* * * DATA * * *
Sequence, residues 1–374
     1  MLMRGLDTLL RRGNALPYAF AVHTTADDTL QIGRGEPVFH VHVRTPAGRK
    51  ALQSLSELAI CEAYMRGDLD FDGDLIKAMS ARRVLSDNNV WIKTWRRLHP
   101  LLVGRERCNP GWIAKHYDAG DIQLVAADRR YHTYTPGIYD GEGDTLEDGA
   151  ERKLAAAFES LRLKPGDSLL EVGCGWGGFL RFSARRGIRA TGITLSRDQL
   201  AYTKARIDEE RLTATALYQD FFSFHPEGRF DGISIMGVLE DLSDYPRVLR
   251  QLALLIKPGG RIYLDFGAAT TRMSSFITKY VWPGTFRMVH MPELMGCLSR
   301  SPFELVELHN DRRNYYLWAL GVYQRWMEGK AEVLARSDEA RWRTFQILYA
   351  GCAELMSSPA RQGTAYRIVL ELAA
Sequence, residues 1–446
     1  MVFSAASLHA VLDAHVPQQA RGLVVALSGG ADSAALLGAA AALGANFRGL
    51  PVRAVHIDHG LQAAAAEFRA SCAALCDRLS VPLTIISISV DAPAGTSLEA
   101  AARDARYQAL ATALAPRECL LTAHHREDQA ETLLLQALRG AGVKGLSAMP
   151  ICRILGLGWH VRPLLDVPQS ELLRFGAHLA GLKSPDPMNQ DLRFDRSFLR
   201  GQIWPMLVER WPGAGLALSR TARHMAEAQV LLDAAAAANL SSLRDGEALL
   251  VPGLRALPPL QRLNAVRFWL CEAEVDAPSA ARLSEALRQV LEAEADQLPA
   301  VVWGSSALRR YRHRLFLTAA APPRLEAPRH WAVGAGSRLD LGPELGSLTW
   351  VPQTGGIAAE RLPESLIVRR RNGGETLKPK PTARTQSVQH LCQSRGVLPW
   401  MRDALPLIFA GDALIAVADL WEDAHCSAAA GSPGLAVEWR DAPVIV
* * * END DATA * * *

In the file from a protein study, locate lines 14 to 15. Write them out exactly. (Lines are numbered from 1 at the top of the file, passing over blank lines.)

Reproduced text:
   151  ICRILGLGWH VRPLLDVPQS ELLRFGAHLA GLKSPDPMNQ DLRFDRSFLR
   201  GQIWPMLVER WPGAGLALSR TARHMAEAQV LLDAAAAANL SSLRDGEALL